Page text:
It is well-known the stability of a formulation has a significant effect on product performance, safety and shelf life. In relation, there's a project in the works by CPI that would automate stability testing, thereby helping formulators to reduce risk and predict product behavior faster.
Formulation requires skilled expertise to mix complex ingredients together for the right resulting efficacy, feel, safety and stability in a product. If the balance is off, the product will not succeed in the marketplace. As such, these parameters are exhaustively tested; and stability in particular can sometimes take up to one year to confirm through traditional means.
However, CPI, a UK-based independent technology innovation center, aims to shorten this process by automating it; enter: the Microstar project. For the past two years, a methodology and design specification has been under development for a testing platform comprising a series of microfluidic chips to rapidly screen for formulation stability. According to CPI, this approach could cut testing down to days or even hours.
CPI explained that microfluidics serves as the platform of choice for the project as it has the ability to impose rapid fluctuations of temperature, pressure, flow and vibrations. All of these mimic the variable environmental and physical conditions to which a product may be subjected.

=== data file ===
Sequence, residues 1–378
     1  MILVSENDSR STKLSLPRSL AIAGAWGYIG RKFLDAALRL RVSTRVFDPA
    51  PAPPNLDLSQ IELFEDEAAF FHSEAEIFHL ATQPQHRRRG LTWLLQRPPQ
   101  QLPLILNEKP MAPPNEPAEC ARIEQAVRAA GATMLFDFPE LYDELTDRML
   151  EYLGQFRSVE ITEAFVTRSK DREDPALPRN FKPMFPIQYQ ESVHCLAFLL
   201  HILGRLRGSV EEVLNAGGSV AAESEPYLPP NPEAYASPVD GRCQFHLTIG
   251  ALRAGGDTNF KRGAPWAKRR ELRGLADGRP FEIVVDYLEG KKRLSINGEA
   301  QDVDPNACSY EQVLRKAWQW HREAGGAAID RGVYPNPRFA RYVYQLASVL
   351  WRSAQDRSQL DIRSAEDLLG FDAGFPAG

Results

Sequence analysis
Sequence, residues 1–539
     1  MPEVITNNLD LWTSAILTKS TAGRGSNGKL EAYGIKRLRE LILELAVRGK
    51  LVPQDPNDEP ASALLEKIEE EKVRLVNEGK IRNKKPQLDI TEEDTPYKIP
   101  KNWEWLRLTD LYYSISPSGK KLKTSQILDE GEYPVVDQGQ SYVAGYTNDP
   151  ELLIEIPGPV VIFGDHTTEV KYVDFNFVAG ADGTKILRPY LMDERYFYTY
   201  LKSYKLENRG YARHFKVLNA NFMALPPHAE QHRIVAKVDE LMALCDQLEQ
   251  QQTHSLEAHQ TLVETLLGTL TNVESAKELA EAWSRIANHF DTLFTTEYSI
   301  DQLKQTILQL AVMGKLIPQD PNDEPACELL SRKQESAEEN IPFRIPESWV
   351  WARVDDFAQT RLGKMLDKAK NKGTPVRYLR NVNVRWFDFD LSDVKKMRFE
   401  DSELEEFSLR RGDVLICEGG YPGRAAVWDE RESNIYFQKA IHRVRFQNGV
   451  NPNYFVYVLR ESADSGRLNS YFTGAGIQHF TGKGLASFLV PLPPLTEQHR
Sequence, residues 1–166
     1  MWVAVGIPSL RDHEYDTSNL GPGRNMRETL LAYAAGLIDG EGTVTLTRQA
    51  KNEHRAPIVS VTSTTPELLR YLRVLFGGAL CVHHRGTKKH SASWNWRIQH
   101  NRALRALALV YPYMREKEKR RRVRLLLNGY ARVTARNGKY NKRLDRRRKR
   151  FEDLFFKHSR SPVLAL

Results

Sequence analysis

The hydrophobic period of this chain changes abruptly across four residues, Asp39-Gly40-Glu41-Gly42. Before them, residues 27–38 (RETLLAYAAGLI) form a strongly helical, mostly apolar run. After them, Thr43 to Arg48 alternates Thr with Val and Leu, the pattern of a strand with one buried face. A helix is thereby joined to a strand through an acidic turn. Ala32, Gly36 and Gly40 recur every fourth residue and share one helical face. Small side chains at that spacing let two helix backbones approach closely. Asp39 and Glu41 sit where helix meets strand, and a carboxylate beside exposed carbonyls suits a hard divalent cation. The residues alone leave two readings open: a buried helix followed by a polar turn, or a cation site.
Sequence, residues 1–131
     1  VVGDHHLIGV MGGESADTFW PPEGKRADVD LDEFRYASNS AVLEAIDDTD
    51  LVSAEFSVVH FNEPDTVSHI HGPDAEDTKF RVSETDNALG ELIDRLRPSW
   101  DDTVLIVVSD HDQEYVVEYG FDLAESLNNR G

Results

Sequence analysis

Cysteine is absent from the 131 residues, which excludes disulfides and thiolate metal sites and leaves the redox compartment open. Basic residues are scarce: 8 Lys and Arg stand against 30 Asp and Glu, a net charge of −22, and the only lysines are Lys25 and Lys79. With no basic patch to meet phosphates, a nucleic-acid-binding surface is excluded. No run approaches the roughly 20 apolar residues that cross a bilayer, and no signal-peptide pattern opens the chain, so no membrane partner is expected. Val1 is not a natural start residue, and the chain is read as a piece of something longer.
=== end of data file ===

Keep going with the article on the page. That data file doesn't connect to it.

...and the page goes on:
Microfluidics is not new; the concept has been around for more than 40 years and it has been extensively used as a means for creating formulas such as micro- and nano-emulsions. However, it has not previously been developed as a route to accelerating formulation stability testing, which is the novel approach of this project.
According to CPI, the chip model will enable formulators to rapidly test samples using a wide range of variable conditions. Most of the failure modes can then be mapped for a given formulation over significantly reduced timescales. This will ultimately enable risk-informed business decisions that integrate mechanistic understanding with empirical models.
The project builds upon intensive research efforts by project partners at Imperial College London and the University of Durham, and will now move into real-world use. For this next step, CPI is developing a stability screening platform at its National Formulation Centre at NETPark in Sedgefield, Durham, England. According to CPI, it will present two different test options: a high-throughput pass/fail stability screen, and a route to in-depth mechanistic understanding.
The consortium notes that Procter & Gamble (P&G) and BP Plc are both key players in the consortium, offering extensive formulation expertise in the consumer products and motor oil markets. The data and input from these partners is therefore crucial for validating the capability developed through the project. Furthermore, the project gained further endorsement when one of the post-doctoral researchers on the Microstar project, Sepideh Khodaparast, was recognized by the 2019 L'Oréal-UNESCO For Women in Science UK and Ireland Fellowships.
Tony Jackson, Director of CPI’s Formulation business unit, said: “We are delighted to have both BP and P&G on board for this project. Working with such high-caliber project partners indicates the importance of the work being done here to the success of the UK-based formulating industries. I am excited to see how the Microstar project will drive efficiency and productivity in the product development process.”
For more information visit the CPI website: www.uk-cpi.com.